Tuesday, 3 December 2013

The Meaning of Life - Sector 7-G

Some people work to live; others live to work.

I am definitely in the “work to live” camp for the simple reason that to me, work is more like a punishment. I have been in my chosen career for almost thirty years and while interesting, fascinating and captivating at first, my job has become a major chore.

As I get older, I want more freedom. Some people want that freedom when they are younger which is why they delay leaping into the rat race for year or so to go travelling and explore the world. I did a little bit of travelling as a student but now I simply have an almost overwhelming desire to pack in my job and simply leave on a huge trip of exploration and self-discovery.

While I may curse my chosen career, I can’t deny that my job has encouraged me to do this.


Because my job involves travelling the world – not all of the time – but enough to give me a small taste of freedom.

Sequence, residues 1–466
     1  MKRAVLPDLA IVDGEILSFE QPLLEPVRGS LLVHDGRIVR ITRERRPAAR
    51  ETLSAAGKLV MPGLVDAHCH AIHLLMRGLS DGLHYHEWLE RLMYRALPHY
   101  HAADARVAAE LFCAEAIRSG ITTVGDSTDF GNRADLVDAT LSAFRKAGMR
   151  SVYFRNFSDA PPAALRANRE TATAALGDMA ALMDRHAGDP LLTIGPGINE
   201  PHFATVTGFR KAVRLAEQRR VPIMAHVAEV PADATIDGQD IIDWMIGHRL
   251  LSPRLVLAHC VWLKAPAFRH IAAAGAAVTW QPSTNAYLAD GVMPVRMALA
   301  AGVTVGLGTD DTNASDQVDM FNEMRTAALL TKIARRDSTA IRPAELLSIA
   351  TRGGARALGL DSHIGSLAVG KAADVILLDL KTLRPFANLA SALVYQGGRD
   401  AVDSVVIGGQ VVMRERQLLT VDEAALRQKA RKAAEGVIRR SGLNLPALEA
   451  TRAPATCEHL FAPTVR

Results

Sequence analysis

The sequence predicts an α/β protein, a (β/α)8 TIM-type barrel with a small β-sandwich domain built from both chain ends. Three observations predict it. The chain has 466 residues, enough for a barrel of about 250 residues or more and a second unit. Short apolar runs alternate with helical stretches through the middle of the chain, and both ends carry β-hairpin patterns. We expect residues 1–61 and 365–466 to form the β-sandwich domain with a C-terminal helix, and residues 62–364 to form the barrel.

In fact, I am off on my travels again this weekend, my third visit to Oman this year.

You may think that I am a hypocrite; I have a job that allows me to visit other countries and cultures. I love travelling - so why the bloody hell am I moaning?

Allow me to explain.

First of all, I work in IT – basically I spend my entire day sparring with technology. And I am bored with it.

Second, the majority of my life is spent sitting at a desk in front of a laptop surrounded by people who are equally disillusioned and frustrated and at the mercy of decisions and developments governed by Mr Motivation as he does his best to climb to the top of the corporate ladder.